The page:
When Harry Met Sally and Sleepless in Seattle are part of American film iconography, and Ephron’s last feature, Julie and Julia, will be when her legacy gets put in order. (Who can ever forget Meryl Streep as the tottering, absurdly tall Julia Child?) But there were duds, too. Michael (John Travolta as an ill-behaved angel who comes down to earth), and Bewitched (Will Ferrell as a narcissistic movie star) both bombed. She was more failure-haunted than she let on. “Success comes and goes,” she said. “Your flops stay with you for life. “
Her rise to stardom was accomplished without fanfare. Arrogance never became part of her makeup no matter how high she rose. The only adjustment she made was moving from the Apthorp, an Upper West Side fortress notable for its immense rooms and rent-controlled status, to an apartment on the East Side—and even that migration was tinged with irony. “I made a religion of my neighborhood, and then abandoned it,” she liked to say.
One of the insufficiently appreciated themes of Ephron’s life was her role as a mentor to young women of promise. (Men were seldom singled out for creative nurturing; maybe she felt they didn’t need it as much.) The way she got in touch with Lena Dunham, the writer/director/star of Girls, was typical. In March 2011, after her film Tiny Furniture came out, Dunham recalled in a much-talked-about blog for The New Yorker, she received “a short, perfect email” inviting her to lunch. Dunham was stunned: This Is My Life, an early Ephron film, was “the movie that made me want to make movies.”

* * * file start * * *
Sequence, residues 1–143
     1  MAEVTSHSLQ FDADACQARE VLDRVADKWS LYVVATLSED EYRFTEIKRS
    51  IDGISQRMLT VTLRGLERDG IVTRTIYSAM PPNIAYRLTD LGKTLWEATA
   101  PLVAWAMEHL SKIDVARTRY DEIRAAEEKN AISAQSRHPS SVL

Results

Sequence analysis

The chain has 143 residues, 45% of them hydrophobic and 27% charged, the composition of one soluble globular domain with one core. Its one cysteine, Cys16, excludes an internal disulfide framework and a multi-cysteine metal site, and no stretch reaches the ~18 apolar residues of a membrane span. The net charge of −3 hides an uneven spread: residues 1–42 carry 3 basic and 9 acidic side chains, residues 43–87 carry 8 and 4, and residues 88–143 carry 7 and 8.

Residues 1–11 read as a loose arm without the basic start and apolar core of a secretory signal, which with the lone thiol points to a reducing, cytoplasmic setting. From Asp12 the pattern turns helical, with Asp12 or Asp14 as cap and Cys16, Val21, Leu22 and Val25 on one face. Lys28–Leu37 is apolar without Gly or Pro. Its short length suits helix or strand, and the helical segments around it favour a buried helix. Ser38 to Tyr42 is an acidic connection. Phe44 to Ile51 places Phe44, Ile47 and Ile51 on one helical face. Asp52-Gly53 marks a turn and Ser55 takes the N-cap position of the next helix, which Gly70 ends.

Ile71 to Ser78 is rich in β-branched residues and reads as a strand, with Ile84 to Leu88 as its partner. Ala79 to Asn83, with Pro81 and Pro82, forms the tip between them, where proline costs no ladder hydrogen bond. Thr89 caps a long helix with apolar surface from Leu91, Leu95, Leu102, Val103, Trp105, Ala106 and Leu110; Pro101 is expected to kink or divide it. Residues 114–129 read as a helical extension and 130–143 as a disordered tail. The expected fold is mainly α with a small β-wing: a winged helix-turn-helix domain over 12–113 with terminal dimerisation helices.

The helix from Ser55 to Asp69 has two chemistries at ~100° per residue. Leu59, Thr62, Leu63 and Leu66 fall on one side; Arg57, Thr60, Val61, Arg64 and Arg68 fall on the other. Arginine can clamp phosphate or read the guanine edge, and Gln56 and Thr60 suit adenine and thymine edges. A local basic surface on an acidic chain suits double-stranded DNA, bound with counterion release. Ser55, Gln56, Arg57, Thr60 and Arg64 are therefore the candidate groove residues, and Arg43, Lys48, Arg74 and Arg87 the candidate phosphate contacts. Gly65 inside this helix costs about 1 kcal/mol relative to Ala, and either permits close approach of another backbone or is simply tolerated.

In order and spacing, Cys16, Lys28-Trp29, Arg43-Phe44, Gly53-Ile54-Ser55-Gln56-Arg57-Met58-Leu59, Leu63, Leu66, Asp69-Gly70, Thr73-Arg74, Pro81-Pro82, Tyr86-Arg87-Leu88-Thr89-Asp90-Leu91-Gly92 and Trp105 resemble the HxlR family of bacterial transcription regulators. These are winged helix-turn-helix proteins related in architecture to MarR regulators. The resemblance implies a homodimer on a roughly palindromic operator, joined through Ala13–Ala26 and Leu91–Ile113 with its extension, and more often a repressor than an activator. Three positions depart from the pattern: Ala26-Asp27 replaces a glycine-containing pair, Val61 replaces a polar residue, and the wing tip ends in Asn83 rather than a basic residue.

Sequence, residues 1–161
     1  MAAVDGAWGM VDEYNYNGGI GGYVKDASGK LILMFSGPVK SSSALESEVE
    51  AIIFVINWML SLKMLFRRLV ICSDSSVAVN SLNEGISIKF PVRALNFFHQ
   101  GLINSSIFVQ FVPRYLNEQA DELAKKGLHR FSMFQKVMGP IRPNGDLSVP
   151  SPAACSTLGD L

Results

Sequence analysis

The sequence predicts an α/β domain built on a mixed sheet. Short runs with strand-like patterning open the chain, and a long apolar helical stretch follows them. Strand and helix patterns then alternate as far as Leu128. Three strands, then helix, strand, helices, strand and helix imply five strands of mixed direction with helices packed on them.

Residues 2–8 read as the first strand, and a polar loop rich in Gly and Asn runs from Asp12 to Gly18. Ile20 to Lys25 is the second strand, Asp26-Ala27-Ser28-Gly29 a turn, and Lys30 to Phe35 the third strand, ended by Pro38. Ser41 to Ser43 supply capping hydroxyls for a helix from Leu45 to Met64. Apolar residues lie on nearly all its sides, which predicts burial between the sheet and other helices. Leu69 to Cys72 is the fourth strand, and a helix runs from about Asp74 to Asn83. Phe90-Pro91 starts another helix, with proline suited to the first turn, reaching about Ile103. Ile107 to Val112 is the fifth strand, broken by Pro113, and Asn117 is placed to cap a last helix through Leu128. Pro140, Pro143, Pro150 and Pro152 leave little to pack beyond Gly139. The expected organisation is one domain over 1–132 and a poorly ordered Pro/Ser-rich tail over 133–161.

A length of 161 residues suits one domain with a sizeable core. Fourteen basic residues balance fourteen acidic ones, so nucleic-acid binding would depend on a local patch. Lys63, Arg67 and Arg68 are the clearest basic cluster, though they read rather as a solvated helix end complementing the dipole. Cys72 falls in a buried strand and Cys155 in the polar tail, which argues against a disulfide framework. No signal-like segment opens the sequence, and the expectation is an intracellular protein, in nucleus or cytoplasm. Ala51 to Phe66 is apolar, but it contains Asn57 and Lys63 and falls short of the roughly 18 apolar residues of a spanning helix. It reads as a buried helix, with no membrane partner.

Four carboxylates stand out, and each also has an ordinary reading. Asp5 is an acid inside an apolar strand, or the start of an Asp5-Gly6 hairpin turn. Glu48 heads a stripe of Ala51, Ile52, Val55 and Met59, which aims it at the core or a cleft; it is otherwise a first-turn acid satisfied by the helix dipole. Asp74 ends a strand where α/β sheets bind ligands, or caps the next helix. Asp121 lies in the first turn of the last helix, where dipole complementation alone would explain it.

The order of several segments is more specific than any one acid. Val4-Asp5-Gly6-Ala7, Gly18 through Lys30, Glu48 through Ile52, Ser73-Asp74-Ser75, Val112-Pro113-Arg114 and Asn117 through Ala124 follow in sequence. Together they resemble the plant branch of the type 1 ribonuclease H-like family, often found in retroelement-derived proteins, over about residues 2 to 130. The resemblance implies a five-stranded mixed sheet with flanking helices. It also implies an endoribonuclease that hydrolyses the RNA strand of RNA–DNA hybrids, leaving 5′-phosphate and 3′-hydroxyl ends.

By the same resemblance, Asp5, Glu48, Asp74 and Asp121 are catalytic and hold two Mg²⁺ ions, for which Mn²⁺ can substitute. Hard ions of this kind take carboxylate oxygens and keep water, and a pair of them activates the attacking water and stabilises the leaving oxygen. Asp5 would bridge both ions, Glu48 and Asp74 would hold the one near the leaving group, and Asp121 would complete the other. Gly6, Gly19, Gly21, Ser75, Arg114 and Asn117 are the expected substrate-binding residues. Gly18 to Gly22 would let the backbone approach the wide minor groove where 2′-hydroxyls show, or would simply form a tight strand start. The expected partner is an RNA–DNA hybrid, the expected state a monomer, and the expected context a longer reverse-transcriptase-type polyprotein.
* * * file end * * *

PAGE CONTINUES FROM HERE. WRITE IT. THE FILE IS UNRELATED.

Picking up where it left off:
Another protégée was Meghan Daum, who published her first essay collection when she was 30. Fending off a blurb request with her “my veterinarian wrote a book” line, Ephron invited Daum to lunch. “She was an artist, but she didn’t have an artistic temperament,” says Daum. “She was just a sane, competent person who happened to be an artist, totally grounded. She taught me that you didn’t have to be a neurotic New York intellectual—‘You’re going to suffer and be insufferable.’ It’s OK to have lunch, have nice clothes, to know the best dry-cleaner.”
She befriended Deborah Copaken Kogan after reading Shutter Babe, Kogan’s account of being a wartime photographer: “She just called up and said, ‘I want to be your friend.’” When Kogan had an unexpected pregnancy at 40 and was confined to bed for six weeks, Ephron announced that she was hosting a dinner party chez Kogan: “She showed up at my apartment with a dozen lobsters from Citarella and a dozen friends; set my table, served a pie she’d spent all day baking; then went into the kitchen and did the dishes.”